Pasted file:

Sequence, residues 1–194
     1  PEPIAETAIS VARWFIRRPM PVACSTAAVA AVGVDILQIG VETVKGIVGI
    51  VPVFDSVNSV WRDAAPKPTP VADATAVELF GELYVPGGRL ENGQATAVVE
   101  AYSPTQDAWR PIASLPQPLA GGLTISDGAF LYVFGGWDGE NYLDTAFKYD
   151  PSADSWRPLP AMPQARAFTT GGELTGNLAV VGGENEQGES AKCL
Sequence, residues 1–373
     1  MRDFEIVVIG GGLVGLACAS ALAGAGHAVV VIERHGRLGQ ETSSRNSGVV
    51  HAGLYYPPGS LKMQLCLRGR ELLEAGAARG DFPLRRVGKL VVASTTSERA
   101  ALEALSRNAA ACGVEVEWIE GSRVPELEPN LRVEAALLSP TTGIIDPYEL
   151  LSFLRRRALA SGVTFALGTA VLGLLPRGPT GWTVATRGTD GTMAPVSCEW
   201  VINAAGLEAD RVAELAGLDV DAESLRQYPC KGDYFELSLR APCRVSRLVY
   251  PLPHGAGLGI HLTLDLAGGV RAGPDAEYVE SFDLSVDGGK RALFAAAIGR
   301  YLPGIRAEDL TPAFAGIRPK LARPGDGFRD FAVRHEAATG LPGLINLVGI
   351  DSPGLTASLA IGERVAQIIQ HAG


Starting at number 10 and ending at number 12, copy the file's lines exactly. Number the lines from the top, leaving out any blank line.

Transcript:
   151  LSFLRRRALA SGVTFALGTA VLGLLPRGPT GWTVATRGTD GTMAPVSCEW
   201  VINAAGLEAD RVAELAGLDV DAESLRQYPC KGDYFELSLR APCRVSRLVY
   251  PLPHGAGLGI HLTLDLAGGV RAGPDAEYVE SFDLSVDGGK RALFAAAIGR